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XIO tosses the dice one more time

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XIO on PCIe and VMware

Atkinson says that solid state has to get closer to the (server) bus. PCIe is a little clunky as a protocol compared to external SAS, which you could run across a PCIe link.

Stevenson said: "A PCIe bus is not a good networking protocol. SAS can run at 12Gbit/s."

Atkinson said: "There's going to be some serious disruption in this space. VMware, if it wanted, could stop pretending SSD is disk... you may not like where [VMware] is in storage but it's doing it." He added: "You can make an argument that hypervisor support is more important than O/S support these days."

Is XIO getting VAAI certification? "We just approved the requisition for VMware [partnership program] membership."

XIO timeline

  • August 2011 - Xiotech changes name to XIO in a rebranding exercise. Hybrid ISE becomes Hyper ISE. New funding, new marketing effort, with Tony Asaro contribution, focus on solution sales, boosting European operations with new EMEA VP Roger Walton. Total funding could be $80m.
  • June 2011 - Hybrid ISE arrives, offering Fusion-io levels of performance for up to fifth of the price. Marketing head Brian Reagan leaves after less than a year in post to go to IBM.
  • March 2011 - Continuous availability for ISE across campus and metro distances. Said to be looking for another $30m funding.
  • February 2011 – Emprise brand is abandoned as Xiotech bets the company on ISE. Previous Magnitude traditional style HDD arrays effectively dropped by now.
  • January 2011 - Hybrid ISE announced. Xiotech moves HQ from Eden Prairie, Minnesota, to Colorado Springs where ISE Development is based. Nearly 20 per cent year-on-year growth in ISE revenues in 2010. Supplies Windows Server-based NAS head for ISE.
  • November 2010 - head marketeer Mike Hoch replaced by Brian Reagan.
  • October 2010 - Alan Atkinson becomes CEO, replacing Casey Powell. Atkinson founded WysDM, a backup reporting company, and sold it to EMC.
  • August 2010 - $10m funding round plus $10m line of credit for product development. Claims more than 1,500 ISE units sold since launch.
  • April 2009 - spin-down capability added to Emprise ISE arrays. More than 1,100 Emprise arrays shipped in ten months since launch.
  • November 2007 - Seagate sells its Advanced Storage Architecture group, the ISE inventors, to Xiotech, with Seagate boss Steve Luczo leading investor group to loan Xiotech $40m to buy the operation.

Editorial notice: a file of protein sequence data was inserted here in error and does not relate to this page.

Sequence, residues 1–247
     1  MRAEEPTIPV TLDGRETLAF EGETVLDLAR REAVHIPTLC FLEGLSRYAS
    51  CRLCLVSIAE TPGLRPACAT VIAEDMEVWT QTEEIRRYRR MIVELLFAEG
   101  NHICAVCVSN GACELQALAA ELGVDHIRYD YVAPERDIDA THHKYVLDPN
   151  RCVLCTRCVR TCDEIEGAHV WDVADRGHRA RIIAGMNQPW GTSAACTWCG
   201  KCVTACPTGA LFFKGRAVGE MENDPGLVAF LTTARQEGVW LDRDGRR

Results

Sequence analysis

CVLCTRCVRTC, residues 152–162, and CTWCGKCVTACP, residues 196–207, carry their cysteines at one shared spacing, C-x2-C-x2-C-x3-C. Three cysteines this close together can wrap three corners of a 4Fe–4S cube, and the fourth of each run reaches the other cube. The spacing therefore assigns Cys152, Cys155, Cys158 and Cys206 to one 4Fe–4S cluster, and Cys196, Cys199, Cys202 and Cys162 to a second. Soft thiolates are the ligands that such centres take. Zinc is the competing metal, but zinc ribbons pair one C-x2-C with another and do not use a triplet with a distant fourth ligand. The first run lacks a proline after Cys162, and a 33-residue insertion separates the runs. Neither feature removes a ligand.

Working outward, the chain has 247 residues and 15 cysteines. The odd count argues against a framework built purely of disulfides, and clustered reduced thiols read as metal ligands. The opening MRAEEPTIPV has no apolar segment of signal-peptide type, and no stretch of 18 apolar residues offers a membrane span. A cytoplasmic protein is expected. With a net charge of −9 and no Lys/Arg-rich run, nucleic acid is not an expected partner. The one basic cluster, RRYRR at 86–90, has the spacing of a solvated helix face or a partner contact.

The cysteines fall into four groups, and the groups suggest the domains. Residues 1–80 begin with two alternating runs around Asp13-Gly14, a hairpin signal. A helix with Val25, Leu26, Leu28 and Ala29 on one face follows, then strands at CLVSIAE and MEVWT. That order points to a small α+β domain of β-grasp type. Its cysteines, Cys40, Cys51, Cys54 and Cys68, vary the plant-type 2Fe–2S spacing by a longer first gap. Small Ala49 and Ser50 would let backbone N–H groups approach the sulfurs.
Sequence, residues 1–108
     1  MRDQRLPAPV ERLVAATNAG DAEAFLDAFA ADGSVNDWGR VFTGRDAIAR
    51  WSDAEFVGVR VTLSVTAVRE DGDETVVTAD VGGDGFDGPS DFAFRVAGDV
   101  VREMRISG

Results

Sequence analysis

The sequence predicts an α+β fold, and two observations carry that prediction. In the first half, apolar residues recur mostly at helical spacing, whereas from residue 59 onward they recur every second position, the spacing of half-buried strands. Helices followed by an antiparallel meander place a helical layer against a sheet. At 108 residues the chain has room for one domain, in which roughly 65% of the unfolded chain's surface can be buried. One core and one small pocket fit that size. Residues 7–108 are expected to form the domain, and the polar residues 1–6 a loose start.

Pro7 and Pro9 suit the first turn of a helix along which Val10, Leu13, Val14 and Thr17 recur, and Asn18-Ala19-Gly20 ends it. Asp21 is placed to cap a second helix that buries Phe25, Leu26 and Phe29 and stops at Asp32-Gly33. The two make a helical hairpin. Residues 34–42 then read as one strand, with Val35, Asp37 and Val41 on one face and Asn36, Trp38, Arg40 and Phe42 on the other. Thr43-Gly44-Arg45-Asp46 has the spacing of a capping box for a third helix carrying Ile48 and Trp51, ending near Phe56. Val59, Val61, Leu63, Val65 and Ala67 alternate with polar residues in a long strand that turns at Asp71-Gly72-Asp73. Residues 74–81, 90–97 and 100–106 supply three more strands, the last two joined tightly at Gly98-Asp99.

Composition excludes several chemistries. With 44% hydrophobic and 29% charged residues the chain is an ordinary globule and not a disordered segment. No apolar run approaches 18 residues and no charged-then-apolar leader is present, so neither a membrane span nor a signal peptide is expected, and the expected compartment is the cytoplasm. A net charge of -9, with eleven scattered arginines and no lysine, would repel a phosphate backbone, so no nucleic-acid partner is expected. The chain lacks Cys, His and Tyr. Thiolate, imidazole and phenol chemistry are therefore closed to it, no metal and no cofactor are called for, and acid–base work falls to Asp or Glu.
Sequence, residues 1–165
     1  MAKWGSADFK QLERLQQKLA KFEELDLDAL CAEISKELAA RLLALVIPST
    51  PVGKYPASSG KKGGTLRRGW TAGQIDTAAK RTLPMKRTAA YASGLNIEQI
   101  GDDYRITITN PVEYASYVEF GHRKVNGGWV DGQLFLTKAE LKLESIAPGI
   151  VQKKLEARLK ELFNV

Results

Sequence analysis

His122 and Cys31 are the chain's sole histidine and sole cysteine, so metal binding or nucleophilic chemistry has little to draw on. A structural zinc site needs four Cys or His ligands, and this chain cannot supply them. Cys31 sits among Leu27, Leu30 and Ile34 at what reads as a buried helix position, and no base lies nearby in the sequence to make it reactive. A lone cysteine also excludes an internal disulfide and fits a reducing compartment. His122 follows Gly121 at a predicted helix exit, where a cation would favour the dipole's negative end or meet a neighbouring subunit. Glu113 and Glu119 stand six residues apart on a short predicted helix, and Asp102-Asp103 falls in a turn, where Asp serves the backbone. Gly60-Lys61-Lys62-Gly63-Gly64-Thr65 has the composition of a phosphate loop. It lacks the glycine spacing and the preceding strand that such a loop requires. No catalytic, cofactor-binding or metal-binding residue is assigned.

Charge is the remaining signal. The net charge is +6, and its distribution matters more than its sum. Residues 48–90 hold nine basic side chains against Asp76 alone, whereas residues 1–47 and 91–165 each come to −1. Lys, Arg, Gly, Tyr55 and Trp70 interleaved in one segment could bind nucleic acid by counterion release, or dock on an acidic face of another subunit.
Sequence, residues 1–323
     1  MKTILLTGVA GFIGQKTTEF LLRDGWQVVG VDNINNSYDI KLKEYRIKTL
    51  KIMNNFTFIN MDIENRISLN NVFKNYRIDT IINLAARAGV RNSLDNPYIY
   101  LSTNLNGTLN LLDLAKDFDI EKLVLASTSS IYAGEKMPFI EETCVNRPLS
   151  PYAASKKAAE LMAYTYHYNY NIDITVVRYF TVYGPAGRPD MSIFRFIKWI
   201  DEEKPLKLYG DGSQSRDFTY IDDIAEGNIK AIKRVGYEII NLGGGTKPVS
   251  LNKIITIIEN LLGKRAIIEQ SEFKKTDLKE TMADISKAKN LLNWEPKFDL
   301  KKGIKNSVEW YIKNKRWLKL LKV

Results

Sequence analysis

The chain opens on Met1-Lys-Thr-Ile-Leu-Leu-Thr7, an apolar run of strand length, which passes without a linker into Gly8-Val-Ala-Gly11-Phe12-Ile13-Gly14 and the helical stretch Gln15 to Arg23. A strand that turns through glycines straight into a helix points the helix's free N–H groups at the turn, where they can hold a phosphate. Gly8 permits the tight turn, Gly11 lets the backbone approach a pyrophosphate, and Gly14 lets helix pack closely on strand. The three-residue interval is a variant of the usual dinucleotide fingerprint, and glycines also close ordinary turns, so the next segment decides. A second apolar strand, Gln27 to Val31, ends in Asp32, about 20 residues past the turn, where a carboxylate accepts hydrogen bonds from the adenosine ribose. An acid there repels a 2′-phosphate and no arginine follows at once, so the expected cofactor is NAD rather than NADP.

• November 2002 - Xiotech is spun off from Seagate. It sells Magnitude SAN storage array product.
  • November 2000 - Seagate buys Xiotech for $360m.
  • 1995 - Xiotech founded.

I think the move to solid state is the most significant shift for storage since the rise of networked storage.

Destination from here

Can XIO ride the server virtualisation wave and sell tens of thousands of ISE boxes with a accelerating applications focus against full-blooded storage array and pure flash hot box array competition? That is the question.

In evolutionary terms XIO has been a crustacean, confined to the sea shore and shallow seas. It can't swim and it can't fly. All it can do is scuttle along the seabed and seashore and hope it doesn't get picked off by a predator. Can it use server virtualisation, big data and the cloud to help it compete with the big boys?

From one point of view ISE looks really exciting, a new breed of storage combining the best of flash and hard disk drives and getting rid of their disadvantages. It should fly when disk gets stuck.

But from another viewpoint ISE looks like a a storage technology evolutionary dead-end. It hasn't been able go anywhere and isn't going anywhere. It is stuck in its own slow-moving mini-ISE age and that era looks like it is coming to its close. Exit XIO, so long ISE.

Which is it? Ah, if I knew that I'd be rich, and I'm not. Some say XIO is about to fly, others that it's going to tank. Let's hope it flies. It has unique kit which is fast and lasts and breaks the storage mould. Vive la difference! ®

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